Similarly, when the Roman army was defeated, and the Consul Flaminius was killed in the battle at Lake Trasimene in 224 B.C., Rome’s future existence became questionable.  The Carthaginian general Hannibal had transited his army across the Mediterranean to Spain, had then crossed the Alps into Italy, and after killing Flaminius and fifteen thousand of his troops, had been laying waste to the Italian peninsula.  As Romans had done when facing previous existential threats, they elected a temporary dictator with total government and military authority.  Like the Congress in Philadelphia selected a battle-tested Virginian aristocrat, Rome selected a battle-tested patrician aristocrat.  Like Washington, Quintus Fabius Maximus realized that what remained of the Roman army after Trasimene needed to be kept alive at all costs.

Fabius understood that Hannibal’s army was not incredibly large (although he had a powerful cavalry), and it was poorly supplied.  He urged Romans to “have patience and on no account to engage a commander who led an army that had been hardened in many contests for this very purpose of forcing a decisive battle.”[10]  Instead, in Clausewitzian fashion, they should allow Hannibal’s strength, which was currently at its peak, to “waste away like a flame which flares up brightly but has little fuel to sustain it.”[11]  In other words, Fabius wanted to wait for the culminating point at which the capabilities of the recently defeated Roman legions would be sufficiently restored, and Hannibal’s capabilities would be sufficiently degraded.  So, Fabius and the Roman army essentially followed Hannibal up and down the Italian peninsula for fifteen years.  When Hannibal stayed still, so did Fabius.  When Hannibal marched, so did Fabius.  Fabius typically camped his army in the mountainous areas nearby Hannibal’s army so that he could watch over Hannibal’s movements, and simultaneously reduce his own exposure to the Carthaginian cavalry.[12]  When opportunities arose, Fabius made harassing attacks, as he did at Casilinum where his army killed eight hundred of the Carthaginian rear guard.[13]  As a result of these tactics, Fabius earned the nickname “Cuncator” (lingerer).  Like Washington, Fabius had many critics, but was confident in his strategy of attrition – “I should be an even greater coward than they say I am if I were to abandon the plans I believe to be right because of a few sneers and words of abuse.”[14]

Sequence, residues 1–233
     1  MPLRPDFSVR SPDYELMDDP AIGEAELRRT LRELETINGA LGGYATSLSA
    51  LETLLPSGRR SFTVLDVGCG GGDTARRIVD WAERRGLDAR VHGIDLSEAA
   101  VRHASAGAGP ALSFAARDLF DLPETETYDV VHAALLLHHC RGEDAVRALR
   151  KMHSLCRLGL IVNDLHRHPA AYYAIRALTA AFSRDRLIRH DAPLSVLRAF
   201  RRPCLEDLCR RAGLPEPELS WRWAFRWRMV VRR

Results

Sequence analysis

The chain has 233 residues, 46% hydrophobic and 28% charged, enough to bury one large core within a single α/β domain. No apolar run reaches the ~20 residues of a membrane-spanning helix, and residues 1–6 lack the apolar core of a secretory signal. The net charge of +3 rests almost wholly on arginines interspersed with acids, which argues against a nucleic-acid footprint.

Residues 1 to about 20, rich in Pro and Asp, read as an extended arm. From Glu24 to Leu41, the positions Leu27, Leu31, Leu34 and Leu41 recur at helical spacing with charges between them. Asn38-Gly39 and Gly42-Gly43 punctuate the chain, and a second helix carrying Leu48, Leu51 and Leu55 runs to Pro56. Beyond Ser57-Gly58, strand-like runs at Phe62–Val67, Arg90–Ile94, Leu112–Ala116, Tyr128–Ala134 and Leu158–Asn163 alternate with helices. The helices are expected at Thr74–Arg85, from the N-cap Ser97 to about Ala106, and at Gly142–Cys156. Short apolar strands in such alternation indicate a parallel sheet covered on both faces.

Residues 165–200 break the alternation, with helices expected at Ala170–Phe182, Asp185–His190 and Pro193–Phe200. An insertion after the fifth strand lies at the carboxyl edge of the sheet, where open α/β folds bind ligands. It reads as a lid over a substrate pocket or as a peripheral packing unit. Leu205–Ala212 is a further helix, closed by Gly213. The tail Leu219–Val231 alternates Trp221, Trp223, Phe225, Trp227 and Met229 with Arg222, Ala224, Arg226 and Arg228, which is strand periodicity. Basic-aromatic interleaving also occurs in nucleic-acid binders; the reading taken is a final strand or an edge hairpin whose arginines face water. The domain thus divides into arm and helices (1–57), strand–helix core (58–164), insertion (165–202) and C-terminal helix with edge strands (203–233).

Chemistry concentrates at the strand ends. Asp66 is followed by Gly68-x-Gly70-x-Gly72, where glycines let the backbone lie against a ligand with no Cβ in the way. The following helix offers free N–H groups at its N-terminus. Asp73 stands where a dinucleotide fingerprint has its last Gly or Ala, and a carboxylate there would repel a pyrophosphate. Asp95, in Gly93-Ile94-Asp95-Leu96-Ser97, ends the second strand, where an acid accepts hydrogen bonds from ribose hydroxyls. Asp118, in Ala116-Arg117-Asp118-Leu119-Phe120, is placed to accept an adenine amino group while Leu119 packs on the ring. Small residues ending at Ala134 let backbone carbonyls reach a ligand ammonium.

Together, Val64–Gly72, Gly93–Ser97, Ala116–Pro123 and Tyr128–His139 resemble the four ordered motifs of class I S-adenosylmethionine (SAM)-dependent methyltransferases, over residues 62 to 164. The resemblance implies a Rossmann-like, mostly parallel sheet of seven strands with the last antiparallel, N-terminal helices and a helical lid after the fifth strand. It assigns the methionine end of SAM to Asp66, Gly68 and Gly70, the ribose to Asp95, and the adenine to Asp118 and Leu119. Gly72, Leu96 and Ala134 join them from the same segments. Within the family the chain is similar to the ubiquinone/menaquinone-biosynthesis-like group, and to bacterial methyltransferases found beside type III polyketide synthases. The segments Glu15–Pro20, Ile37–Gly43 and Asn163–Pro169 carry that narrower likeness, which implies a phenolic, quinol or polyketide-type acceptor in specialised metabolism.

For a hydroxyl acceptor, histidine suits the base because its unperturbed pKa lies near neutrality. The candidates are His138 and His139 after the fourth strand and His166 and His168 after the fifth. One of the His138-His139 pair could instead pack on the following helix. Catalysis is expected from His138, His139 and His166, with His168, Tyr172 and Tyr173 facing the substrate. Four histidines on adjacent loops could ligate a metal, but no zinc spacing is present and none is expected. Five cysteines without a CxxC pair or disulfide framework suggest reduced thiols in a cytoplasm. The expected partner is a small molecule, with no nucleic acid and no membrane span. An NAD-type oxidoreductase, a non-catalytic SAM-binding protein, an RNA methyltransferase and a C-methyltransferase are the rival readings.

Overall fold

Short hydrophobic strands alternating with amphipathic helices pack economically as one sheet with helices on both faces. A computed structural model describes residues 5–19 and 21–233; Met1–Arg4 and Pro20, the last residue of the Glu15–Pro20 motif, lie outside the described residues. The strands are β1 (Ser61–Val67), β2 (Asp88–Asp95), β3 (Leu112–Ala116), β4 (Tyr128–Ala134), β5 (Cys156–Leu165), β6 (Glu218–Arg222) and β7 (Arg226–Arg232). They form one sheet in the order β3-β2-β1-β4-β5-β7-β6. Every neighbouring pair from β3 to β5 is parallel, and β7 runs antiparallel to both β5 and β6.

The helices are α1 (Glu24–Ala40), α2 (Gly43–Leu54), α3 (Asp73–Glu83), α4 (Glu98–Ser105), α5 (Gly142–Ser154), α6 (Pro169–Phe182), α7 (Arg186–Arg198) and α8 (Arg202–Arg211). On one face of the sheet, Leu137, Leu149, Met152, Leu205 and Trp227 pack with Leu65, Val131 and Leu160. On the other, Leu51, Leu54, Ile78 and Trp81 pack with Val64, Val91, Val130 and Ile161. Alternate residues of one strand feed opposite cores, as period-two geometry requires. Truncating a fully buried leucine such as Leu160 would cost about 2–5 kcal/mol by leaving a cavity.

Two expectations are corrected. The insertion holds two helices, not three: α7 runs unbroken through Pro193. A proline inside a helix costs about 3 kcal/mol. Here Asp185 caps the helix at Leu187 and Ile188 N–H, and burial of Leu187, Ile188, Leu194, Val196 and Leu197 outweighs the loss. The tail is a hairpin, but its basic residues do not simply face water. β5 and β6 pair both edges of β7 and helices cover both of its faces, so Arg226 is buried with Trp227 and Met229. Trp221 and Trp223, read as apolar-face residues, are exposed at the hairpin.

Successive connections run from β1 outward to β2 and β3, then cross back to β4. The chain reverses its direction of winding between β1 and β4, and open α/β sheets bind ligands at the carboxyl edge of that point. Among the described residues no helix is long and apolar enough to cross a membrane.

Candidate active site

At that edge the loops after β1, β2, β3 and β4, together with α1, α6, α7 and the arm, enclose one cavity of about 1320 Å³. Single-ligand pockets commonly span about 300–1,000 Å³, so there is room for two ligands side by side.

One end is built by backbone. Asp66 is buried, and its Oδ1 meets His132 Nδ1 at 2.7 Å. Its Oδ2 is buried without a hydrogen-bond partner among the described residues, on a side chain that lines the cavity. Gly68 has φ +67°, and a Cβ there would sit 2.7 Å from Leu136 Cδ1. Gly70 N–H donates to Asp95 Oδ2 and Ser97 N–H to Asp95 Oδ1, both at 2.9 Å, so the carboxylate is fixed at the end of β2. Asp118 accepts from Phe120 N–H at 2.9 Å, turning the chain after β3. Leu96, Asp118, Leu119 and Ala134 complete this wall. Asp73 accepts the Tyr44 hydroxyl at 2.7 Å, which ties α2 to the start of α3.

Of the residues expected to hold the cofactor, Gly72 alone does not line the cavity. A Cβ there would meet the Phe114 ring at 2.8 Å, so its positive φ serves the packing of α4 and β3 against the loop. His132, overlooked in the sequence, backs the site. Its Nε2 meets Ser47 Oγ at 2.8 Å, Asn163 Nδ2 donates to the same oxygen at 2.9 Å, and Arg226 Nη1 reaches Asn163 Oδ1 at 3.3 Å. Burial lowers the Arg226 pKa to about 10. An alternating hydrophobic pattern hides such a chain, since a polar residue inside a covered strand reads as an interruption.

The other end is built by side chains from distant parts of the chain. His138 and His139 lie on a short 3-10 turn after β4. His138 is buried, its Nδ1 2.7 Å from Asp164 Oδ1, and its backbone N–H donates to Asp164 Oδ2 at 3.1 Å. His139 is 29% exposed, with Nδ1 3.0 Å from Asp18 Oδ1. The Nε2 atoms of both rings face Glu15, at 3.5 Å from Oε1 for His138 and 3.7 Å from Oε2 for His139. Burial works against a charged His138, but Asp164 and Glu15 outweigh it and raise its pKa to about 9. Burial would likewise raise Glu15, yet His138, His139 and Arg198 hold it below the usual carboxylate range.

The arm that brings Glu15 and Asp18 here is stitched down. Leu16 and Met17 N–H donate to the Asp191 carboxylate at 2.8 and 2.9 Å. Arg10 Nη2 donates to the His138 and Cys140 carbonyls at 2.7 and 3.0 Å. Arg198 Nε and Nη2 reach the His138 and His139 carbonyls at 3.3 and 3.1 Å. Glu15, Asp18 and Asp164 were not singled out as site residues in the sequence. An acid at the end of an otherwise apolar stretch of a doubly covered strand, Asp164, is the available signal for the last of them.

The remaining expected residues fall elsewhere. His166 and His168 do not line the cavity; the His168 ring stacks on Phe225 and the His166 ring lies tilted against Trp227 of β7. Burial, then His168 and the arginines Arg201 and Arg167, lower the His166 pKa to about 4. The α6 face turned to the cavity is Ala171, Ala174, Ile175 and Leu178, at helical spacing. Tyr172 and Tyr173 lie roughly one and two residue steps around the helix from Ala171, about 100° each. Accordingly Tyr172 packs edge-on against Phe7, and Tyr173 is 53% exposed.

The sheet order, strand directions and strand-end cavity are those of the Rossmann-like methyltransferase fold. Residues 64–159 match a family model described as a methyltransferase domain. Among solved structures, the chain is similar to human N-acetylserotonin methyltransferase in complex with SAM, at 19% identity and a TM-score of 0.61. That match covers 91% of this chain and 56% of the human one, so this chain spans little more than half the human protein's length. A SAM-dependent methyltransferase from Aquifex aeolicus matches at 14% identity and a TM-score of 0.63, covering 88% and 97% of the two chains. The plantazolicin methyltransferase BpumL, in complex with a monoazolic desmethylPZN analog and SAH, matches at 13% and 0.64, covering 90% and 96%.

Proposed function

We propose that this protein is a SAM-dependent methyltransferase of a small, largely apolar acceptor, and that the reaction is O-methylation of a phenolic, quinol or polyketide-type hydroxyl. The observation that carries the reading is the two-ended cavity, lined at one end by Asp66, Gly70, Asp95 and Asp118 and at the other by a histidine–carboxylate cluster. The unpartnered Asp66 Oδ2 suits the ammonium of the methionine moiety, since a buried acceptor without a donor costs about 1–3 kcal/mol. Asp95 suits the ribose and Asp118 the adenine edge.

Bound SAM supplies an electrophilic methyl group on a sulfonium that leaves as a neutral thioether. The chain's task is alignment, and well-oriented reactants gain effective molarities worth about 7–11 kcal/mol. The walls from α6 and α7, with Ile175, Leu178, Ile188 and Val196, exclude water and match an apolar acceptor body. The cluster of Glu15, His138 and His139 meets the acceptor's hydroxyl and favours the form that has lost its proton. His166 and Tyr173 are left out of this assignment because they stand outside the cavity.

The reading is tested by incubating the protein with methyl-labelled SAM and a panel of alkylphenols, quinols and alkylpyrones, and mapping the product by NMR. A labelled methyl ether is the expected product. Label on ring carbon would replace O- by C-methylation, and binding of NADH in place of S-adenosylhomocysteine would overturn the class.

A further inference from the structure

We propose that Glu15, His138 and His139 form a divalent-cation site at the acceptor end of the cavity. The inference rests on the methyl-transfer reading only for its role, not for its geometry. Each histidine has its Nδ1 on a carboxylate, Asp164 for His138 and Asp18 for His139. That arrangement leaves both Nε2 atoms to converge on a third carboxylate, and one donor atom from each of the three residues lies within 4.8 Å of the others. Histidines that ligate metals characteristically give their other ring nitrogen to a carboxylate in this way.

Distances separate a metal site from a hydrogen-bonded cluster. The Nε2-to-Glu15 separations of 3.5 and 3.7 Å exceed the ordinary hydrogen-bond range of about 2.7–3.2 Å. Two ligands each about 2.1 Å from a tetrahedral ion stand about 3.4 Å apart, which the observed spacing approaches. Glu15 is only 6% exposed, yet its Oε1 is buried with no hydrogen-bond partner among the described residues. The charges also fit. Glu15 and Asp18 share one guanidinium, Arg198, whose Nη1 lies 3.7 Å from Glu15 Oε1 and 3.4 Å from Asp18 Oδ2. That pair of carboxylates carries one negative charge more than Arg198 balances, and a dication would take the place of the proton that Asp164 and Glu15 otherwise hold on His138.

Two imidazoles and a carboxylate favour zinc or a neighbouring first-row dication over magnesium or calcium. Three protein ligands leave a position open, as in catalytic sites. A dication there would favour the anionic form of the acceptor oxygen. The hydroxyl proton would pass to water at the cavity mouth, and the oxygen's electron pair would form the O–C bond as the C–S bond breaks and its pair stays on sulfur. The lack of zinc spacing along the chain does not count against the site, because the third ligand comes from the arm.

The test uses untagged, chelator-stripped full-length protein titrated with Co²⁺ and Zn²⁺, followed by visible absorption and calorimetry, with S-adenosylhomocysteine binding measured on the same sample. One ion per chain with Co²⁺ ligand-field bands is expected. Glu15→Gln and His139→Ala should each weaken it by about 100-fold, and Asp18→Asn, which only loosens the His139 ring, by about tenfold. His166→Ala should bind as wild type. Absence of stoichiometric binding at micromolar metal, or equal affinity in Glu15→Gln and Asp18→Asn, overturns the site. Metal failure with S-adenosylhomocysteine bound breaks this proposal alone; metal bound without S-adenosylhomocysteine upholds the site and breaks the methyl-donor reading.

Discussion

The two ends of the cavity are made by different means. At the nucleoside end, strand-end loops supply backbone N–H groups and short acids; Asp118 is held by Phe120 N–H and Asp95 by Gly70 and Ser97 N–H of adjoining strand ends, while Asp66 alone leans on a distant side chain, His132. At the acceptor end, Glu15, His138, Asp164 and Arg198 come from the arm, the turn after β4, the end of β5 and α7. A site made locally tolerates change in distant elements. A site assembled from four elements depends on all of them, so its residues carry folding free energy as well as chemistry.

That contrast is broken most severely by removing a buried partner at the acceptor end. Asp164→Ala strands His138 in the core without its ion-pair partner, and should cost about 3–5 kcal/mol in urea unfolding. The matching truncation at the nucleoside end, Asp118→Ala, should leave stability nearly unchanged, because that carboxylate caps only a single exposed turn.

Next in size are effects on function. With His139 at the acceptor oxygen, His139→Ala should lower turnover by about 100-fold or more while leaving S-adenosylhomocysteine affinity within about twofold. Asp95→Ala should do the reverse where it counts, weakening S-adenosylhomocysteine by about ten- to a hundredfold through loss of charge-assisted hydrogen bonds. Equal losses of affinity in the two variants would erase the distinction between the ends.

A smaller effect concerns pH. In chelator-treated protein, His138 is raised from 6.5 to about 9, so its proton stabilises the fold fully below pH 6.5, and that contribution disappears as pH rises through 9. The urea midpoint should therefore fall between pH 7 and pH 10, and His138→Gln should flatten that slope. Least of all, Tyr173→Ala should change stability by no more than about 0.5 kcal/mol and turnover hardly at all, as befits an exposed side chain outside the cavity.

While Washington and Fabius both understood that the survival of the army meant the survival of their cause, they also appreciated the government dimension of the Clausewitzian trinity.  Thus, they both spent a considerable percentage of their efforts aligning their strategies with their respective civilian government leaders.

While some members of the government clambered for a decisive engagement (including an invasion of Canada), Washington was constantly cautioning in his letters to Congress that “We should on all occasions avoid a general action or put anything to the risk unless compelled by necessity.”[15]  At times he seemed to be fighting an information warfare campaign with his own leadership, reiterating his strategic logic on a daily basis.  In a letter to John Jay he underscored why the Continental army was not ready for anything other than attrition warfare – “In the present depreciation of our money, scantiness of supplies, want of virtue and want of exertion, ’tis hard to say what may be the consequence.”[16] Likewise, Fabius was constantly re-selling his attrition strategy to the Senate and other members of the civilian leadership in Rome.  Several influential leaders wanted to replace Fabius with his Master-of-the-Horse, Marcus Minucius, who argued for an immediate pitched battle.[17]